Oliver Kazunga, Senior Business Reporter
GOVERNMENT is working on the agriculture recovery plan to boost output and increase the much-needed raw materials supply to the manufacturing sector, a Cabinet Minister has said.
One of the major factors stifling growth of the manufacturing sector is shortage of raw materials, including agro-linked raw materials.
Many companies are being forced to import raw materials and this is adversely affecting the pricing of finished products which then become uncompetitive compared to imported products.
Responding to questions in Parliament on Wednesday, Industry and Commerce Minister Dr Sekai Nzenza said her ministry was looking at import substitution.
“In doing so we are working quite closely with the Ministry of Agriculture to look at the agriculture recovery plan with a view to increasing the production of raw materials for the manufacturing sector.This requires different line ministries to work together in order to meet the Presidential mandate towards increased employment, import substitution, innovation with the Ministry of Higher Education so that our vision will become true,” she said.
Dr Nzenza said Government through her ministry was working on import substitution strategy. “Within the strategy, we are looking at the low-hanging fruits and these are key priorities and one of them is looking at the pharmaceutical industry and the second one is looking at the fertiliser industry. What you will see this coming season is production of fertiliser locally as opposed to importing it,” she said.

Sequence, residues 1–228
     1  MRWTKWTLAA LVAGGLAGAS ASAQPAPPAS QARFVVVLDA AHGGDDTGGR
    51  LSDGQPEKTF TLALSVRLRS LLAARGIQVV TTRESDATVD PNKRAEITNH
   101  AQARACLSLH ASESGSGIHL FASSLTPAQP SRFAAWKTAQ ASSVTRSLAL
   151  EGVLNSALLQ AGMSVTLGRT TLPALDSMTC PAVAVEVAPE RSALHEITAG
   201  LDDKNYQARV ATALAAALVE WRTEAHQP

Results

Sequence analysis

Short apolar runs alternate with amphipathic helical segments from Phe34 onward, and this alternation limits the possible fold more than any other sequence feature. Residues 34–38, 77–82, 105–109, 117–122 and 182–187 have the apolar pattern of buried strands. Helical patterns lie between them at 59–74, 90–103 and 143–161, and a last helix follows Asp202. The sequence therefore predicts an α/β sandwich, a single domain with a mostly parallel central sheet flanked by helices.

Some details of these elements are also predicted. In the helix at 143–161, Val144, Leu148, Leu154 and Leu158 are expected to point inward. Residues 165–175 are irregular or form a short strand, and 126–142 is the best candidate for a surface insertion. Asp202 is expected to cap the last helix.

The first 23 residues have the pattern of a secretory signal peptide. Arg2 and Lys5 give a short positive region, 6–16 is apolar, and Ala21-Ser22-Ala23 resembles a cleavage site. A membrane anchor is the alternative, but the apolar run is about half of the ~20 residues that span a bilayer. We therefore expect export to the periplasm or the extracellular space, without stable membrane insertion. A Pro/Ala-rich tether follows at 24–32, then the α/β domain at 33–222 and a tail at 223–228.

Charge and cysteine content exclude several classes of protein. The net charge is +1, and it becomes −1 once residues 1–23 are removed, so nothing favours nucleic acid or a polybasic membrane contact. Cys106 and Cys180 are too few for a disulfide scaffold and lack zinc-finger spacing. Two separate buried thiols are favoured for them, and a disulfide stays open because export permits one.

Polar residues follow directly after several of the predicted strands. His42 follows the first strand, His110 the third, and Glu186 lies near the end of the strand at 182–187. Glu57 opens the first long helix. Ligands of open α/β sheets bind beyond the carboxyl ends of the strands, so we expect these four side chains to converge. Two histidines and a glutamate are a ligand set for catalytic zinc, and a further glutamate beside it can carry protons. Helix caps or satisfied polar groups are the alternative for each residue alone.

Dr Nzenza acknowledged that the market has witnessed a continuous increase in prices of basic commodities which prompted Government, industry and retailers to meet in April in an attempt to address the challenge.
She said the stakeholders agreed in good faith to put a moratorium on price increases but unfortunately businesses continued to hike prices.
“I would like to admit that it was not as effective as we thought it would be. The major problem is that we are struggling with the exchange rate, we need to stabilise the economy and that is also impacting on the prices. The other problem is that we do have some difficult people who are not so sympathetic to the consumer and we’re appealing to those who are continuously raising prices to be sensitive to the plight of their customers,” she said.
The Reserve Bank of Zimbabwe, three weeks ago introduced a weekly Foreign Currency Auction Trading System replacing the fixed exchange rate.
The foreign currency auction is meant to stabilise the exchange rate which was being determined by the parallel market.
This week the Zimbabwe dollar is trading at 65,8 against the green back and since the auction came into effect, the parallel market rates have also stabilised and in some cases have come down. — @okazunga.